“Our job is to work to stay ahead of counterfeiting and counterfeiters,” she says, “and that involves chemistry, physics, biology and psychology, in different ways.
“We look to see what the counterfeiters do, what they have available, what they could have available, what we think they will make use of and how they would make use of it. If the counterfeits are getting close to the banknotes, then we start looking at solutions, at what we can buy to put on the banknotes to make them more secure.”
And when one technology no longer deters counterfeiters, it’s Firth’s job to come up with something that will. With holograms becoming increasingly common, for example, some analysts are now touting nanoholes — tiny holes which in butterfly wings block out certain wavelengths of light and produce their familiar iridescence — as the next anti-counterfeiting measure.
Mum’s the word, though, on what new technologies will be used in Canada’s new paper currency, which is officially being announced Monday and will roll off the presses with the $100-bill in the fall. The only information available so far about the new series is that it will be printed on a plastic polymer, as opposed to the cotton-based currency now in circulation. The polymer, while more difficult to counterfeit, will also more than double the life expectancy of bills. Each of the 840 million $20-bills — the most popular denomination — now in circulation are expected to last three years. The polymer $20s will last seven and a half.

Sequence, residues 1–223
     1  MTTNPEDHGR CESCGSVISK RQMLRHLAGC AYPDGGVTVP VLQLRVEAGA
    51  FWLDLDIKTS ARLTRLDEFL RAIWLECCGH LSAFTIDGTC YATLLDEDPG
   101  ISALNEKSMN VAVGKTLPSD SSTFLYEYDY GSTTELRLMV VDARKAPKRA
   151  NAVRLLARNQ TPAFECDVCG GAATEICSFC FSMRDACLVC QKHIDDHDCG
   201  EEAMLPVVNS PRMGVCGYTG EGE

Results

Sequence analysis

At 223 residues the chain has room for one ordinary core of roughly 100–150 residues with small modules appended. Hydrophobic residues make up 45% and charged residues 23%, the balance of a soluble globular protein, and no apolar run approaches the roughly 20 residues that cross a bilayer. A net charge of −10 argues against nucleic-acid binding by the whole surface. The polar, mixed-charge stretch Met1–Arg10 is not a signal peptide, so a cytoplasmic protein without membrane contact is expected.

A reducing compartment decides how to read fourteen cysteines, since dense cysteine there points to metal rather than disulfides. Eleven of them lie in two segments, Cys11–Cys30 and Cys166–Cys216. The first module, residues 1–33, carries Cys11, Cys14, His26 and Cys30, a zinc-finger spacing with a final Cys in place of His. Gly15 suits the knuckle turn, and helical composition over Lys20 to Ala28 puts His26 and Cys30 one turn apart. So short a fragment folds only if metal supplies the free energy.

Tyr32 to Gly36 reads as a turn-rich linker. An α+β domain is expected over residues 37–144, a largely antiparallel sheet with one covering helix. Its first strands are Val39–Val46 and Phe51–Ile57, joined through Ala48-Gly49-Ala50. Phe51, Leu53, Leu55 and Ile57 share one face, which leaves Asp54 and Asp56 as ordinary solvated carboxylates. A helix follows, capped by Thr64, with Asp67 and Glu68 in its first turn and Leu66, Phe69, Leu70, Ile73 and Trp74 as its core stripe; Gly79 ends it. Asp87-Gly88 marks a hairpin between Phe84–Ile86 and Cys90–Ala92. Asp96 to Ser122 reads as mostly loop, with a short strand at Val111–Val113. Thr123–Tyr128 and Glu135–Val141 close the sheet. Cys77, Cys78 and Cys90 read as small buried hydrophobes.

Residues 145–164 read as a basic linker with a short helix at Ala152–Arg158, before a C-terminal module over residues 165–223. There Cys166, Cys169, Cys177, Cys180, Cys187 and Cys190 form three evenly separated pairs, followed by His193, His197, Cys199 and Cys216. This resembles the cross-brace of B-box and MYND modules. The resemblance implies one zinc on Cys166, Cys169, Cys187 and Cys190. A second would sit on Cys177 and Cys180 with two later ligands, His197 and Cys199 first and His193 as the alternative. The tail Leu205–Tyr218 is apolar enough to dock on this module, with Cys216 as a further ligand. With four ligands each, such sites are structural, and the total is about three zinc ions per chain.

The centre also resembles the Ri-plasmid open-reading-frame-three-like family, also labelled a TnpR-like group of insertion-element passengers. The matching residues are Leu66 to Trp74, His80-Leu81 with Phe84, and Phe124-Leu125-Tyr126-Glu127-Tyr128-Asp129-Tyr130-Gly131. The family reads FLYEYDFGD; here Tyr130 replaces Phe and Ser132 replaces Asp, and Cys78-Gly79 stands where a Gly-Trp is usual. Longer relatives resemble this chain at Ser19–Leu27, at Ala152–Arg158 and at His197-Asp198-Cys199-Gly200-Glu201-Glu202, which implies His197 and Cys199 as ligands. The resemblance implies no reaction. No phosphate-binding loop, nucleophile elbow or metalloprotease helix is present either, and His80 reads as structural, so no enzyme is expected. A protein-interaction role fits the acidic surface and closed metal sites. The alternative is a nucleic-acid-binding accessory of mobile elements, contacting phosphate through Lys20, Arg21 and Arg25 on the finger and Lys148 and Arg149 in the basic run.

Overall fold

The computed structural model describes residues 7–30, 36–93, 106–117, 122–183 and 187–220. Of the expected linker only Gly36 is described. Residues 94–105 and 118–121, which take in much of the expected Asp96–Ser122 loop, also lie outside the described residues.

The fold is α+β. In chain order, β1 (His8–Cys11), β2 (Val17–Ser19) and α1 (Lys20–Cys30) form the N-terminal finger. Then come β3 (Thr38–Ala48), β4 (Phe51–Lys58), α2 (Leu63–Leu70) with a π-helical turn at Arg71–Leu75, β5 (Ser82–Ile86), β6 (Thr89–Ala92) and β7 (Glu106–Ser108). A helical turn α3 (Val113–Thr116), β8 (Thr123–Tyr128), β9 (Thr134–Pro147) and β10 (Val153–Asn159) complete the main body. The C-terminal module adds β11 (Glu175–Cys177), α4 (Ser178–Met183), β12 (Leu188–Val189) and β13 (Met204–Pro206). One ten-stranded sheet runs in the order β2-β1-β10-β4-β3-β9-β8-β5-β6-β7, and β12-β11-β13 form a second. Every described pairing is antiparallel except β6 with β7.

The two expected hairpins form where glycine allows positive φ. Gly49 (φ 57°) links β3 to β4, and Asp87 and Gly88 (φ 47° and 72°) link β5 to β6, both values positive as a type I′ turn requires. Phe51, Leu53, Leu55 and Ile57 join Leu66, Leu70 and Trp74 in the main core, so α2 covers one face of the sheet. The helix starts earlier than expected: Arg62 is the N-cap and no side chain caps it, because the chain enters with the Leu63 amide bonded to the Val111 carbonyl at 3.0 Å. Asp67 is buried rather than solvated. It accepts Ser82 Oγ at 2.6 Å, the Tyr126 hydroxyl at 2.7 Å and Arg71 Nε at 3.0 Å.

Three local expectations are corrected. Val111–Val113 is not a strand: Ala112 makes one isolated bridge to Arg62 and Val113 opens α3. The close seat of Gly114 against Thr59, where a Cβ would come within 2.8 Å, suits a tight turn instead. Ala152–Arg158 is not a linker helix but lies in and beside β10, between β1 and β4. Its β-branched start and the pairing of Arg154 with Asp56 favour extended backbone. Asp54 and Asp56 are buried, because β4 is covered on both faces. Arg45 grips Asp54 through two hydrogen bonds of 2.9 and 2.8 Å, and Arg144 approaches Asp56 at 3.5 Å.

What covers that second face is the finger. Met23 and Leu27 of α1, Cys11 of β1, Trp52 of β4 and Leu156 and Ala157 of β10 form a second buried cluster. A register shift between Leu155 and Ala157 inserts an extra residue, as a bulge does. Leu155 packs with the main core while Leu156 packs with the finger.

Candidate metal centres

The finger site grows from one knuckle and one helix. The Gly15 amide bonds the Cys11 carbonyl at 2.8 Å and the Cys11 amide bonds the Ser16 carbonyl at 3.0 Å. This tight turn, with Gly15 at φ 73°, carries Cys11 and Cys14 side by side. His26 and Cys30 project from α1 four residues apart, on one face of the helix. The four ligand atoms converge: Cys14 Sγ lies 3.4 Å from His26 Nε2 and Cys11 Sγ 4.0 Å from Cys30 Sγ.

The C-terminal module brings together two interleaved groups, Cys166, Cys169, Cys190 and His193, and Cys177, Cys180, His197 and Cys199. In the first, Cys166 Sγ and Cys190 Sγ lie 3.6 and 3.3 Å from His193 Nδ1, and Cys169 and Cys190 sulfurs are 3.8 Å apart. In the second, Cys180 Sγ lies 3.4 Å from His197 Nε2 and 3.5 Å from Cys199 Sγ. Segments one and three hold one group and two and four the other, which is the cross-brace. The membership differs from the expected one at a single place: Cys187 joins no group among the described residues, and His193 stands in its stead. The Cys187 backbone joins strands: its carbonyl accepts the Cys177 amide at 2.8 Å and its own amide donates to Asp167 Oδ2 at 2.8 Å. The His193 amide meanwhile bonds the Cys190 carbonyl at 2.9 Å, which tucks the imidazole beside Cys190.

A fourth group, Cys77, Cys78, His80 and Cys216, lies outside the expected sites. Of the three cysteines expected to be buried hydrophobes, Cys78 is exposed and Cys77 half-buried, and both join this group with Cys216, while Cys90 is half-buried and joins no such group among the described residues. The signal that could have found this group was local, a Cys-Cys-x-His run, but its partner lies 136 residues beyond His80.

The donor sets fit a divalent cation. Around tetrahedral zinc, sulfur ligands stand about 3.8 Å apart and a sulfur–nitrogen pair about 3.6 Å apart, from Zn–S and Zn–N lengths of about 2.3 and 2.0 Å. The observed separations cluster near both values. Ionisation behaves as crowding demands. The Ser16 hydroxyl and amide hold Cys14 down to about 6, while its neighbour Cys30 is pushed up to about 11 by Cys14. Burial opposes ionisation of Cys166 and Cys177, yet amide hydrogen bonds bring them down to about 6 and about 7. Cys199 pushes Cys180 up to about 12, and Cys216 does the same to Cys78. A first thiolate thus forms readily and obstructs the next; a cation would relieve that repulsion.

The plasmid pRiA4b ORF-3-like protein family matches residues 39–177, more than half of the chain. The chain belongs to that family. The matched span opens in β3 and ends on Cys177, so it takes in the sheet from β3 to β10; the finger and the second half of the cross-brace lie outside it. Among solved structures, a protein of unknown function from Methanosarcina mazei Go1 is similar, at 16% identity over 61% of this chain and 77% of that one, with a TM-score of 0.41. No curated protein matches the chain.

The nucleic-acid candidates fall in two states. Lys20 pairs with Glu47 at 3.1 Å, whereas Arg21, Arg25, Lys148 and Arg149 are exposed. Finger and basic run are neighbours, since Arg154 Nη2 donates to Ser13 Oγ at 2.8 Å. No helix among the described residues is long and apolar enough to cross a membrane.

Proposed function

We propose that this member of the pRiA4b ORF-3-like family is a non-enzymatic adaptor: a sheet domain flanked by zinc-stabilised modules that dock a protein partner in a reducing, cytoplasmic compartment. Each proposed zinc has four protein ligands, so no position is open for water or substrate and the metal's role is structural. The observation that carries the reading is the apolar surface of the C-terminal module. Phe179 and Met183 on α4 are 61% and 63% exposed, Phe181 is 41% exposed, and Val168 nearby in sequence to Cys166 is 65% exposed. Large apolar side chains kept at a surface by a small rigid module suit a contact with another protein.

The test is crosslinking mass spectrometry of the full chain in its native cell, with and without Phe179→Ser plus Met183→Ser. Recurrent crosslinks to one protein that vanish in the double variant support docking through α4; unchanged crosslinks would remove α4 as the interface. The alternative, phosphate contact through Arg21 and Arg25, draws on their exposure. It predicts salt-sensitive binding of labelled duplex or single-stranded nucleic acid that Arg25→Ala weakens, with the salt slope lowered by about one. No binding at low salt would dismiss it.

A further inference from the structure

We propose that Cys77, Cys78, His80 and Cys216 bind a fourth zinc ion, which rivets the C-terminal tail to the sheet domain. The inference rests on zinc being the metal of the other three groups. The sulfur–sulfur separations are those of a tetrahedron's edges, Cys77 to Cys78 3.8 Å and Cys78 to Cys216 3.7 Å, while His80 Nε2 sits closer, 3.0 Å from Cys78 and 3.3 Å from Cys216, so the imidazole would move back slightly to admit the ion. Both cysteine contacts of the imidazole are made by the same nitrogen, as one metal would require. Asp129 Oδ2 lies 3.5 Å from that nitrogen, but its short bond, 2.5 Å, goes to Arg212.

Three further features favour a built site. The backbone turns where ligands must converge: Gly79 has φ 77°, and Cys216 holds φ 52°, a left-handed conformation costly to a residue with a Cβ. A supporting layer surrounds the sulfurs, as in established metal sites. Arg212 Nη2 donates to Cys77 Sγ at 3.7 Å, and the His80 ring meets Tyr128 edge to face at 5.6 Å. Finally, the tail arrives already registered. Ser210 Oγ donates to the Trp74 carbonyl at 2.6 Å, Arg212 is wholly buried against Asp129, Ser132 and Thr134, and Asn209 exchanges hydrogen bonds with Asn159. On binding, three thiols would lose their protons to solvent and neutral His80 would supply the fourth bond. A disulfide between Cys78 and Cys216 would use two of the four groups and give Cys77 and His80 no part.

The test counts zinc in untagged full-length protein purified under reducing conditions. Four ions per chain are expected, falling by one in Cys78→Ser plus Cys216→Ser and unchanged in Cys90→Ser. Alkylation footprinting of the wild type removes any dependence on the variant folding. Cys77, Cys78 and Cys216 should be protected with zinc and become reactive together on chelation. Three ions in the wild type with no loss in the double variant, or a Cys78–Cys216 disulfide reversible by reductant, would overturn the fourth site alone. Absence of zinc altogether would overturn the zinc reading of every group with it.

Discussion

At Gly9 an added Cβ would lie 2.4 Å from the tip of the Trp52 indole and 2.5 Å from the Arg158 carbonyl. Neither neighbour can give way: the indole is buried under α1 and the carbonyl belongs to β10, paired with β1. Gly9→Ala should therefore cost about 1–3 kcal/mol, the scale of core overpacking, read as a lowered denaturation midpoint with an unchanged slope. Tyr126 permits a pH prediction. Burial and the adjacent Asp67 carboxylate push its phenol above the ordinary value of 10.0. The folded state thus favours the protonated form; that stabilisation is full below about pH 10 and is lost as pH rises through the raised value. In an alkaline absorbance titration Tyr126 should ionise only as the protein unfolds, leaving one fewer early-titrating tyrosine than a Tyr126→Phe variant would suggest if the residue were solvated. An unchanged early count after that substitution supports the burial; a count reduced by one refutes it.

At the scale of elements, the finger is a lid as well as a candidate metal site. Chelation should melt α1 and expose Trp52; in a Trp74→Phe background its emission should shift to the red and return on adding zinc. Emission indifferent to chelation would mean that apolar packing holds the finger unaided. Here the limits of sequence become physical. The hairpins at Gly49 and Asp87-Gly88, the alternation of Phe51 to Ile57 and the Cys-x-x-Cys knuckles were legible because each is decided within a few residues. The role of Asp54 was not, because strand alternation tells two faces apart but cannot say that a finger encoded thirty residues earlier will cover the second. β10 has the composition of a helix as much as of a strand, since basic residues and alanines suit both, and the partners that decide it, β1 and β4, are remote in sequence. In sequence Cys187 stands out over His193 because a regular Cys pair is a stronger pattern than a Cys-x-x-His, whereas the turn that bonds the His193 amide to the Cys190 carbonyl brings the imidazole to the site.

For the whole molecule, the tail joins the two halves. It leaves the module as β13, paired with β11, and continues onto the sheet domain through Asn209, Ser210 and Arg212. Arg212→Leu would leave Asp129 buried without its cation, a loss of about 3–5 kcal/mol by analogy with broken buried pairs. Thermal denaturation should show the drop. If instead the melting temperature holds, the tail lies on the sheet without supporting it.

“A security feature that’s going out into circulation in November 2011 came from me, came from a concept in my mind,” she adds. “What we’ve worked on, every Canadian is going to touch. That’s pretty cool.
“If a security feature that started out on my drafting board ends up on a banknote, I’ll be doing a happy dance and drinking champagne.”
To read the complete article, see: The Bank Scientist (www.ottawacitizen.com/news/Bank+Scientist/4958428/story.html)
This article from the Baltimore Sun mentions a silver Spanish coin found in an archeological dig in Annapolis, MD. Unfortunately, it isn't pictured. But what can E-Sylum readers tell us about the purported reason for the hole in it - that it was worn to provide supernatural protection? -Editor
When James Holliday, an African-American who was born a slave but died an Annapolis homeowner, gathered for meals with his family in their brick home just off State Circle in the late 19th century, they dined on fine dishware — each plate with its own ornate pattern or crisp white finish.
With what was then considered a prestigious job as a messenger for the superintendent at the U.S. Naval Academy, Holliday could afford to buy his family fancy plates in accordance with Victorian etiquette as relayed in books and newspapers.